Retirement is a time to enjoy your life, not struggle with money. It's also a time when many people are faced with whether or not to begin drawing on their retirement accounts. You may need more income in retirement than when you were working because, unless your spouse is a high-income earner, the tax savings of two working people are now gone. If you're looking for strategies for making more income in retirement, then read on.
When you're working, you can take money out of your paycheck before taxes are taken out. At retirement, there's no such option. Some people think saving more is impossible because they won't have much in their retirement accounts. Others believe that it will be hard to save more than what they're currently taking from Social Security and pensions because they will be drawing from pensions and more Social Security in retirement.
The keyword here is "more". You don't have to save a huge amount more. You have to keep what you can and be sure not to drop your savings rate in retirement. The easiest way to increase your savings rate is by increasing your 401(k) contributions – up to the point that it reduces your take-home pay.
If you're like most retirees, you may have a home that's too big for your needs. Downsizing to a smaller home can lead to more income in retirement. If you sell your current home and put the proceeds into a savings account, you could have an additional source of income down the road. If health issues arise, downsizing could be essential before you run out of money and need Medicaid to pay for nursing care or assisted living.
Many retirees have significant holdings in taxable accounts. Your income tax rate will be lower in retirement, but this may not lead to lower taxes during the year because of the 3.8% Medicare surtax on income over $200,000 (for singles) and $250,000 (for couples). In addition, your minimum required distributions will be treated as ordinary income. You could sell loser securities in taxable accounts to offset gains or investment income that tends to be taxed at higher rates.
Raise financially independent children
There's nothing wrong with passing the torch of financial responsibility to your children, but it's also a way to ensure you can make more money in retirement. If you have a child who needs to complete a degree before starting their career, you could keep them in your house for free for long periods. Even if they don't need your home, it could be an additional source of income.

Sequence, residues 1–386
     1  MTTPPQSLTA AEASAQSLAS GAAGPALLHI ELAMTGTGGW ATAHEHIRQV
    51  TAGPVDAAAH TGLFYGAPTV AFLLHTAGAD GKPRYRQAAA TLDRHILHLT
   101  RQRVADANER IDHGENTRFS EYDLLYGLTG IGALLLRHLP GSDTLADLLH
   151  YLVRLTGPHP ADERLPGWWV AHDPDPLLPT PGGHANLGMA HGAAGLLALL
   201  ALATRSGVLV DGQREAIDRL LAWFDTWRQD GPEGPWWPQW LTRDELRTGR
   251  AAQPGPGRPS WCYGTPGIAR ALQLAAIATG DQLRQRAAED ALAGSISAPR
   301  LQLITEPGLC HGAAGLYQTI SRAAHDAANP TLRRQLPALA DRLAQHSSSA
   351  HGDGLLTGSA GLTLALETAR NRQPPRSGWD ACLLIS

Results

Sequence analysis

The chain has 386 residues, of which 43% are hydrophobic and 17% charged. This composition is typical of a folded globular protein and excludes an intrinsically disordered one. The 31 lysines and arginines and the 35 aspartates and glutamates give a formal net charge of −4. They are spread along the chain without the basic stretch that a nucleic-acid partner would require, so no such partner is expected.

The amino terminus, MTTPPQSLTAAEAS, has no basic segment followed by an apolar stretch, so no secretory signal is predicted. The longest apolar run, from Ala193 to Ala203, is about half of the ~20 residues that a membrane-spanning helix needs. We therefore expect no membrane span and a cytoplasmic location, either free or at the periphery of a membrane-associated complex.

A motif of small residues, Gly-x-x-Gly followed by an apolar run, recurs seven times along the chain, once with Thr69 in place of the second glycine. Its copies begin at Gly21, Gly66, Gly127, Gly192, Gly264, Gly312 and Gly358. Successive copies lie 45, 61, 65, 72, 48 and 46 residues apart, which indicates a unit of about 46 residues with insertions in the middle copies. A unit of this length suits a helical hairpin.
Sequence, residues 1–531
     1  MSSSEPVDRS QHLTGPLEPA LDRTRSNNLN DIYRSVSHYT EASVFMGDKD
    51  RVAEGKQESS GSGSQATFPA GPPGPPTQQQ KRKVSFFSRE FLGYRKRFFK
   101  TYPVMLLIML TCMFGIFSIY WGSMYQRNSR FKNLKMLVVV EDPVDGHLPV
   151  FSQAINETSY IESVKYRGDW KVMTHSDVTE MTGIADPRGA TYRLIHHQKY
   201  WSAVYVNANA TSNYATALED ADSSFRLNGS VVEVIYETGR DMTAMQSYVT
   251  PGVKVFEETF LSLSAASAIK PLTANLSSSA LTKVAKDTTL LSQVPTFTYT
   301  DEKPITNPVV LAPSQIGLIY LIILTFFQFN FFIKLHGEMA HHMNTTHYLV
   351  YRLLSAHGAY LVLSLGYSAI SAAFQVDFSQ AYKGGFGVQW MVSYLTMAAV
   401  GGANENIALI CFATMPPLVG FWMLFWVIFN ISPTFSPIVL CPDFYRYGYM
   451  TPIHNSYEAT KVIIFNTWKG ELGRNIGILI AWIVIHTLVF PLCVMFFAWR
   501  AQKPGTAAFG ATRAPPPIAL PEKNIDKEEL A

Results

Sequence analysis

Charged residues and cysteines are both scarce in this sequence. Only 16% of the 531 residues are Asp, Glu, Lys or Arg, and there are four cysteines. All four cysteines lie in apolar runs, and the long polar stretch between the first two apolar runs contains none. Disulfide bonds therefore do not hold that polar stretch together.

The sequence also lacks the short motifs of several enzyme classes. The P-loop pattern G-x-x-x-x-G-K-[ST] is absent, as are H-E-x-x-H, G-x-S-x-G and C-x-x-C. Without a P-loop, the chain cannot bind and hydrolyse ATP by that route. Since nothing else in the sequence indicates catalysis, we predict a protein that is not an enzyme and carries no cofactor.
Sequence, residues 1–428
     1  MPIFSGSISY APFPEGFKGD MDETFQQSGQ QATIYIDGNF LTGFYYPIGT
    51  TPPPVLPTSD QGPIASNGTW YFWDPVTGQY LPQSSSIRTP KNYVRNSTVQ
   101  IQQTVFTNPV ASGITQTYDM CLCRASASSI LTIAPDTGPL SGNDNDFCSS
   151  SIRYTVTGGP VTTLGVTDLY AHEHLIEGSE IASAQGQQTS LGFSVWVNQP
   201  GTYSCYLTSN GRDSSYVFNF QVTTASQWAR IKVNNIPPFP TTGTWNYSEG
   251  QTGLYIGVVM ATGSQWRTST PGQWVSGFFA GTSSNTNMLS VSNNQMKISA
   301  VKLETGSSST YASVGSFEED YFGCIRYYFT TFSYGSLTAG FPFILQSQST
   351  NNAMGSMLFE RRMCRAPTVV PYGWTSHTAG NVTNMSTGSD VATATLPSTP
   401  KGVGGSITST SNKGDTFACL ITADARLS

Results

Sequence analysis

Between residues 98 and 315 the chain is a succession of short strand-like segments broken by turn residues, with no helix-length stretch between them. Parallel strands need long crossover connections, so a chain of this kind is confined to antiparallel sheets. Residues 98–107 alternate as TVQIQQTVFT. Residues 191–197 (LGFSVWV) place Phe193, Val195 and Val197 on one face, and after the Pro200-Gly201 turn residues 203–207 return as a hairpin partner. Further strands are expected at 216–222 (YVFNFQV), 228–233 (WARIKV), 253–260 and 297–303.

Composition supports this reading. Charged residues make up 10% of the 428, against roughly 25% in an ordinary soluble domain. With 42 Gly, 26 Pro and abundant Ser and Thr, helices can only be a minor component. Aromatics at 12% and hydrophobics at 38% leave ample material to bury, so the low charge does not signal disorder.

As you age, you're at increased risk for various health issues. Many retirees find it harder to get around or have multiple aches and pains that cause them to take it easy. If nothing else, staying healthy will help ensure you don't accidentally use more money than you can afford on unreimbursed medical expenses.
It's not just about health care costs but also prescription drugs. If you have high-cost prescription drugs and health insurance, it's a considerable expense. If you can keep your prescriptions for common medicines, you might want to ask your physician if there is a cheaper generic version of the medication. A generic drug eliminates insurance costs, the need to keep up with drug samples, and the worry that the medicine has been recalled because of some unnoticed contamination.
Home is a safe-haven
It's not uncommon for people to believe that financial institutions or employers will take away their Social Security because they don't contribute enough. It's important to appreciate that your house is still your haven. It's also much easier to move out of a rental property and into your own home than to move out of your house and into a rental property.
If you're in a state where taxes on retirement income are high, consider selling some assets and converting the proceeds into retirement income. Saving for retirement can be a challenge, but it's the only way to ensure that you don't run out of money in retirement. You may think you won't have enough money to retire comfortably, but if you carefully plan and choose wisely, there are ways you can increase your income in retirement.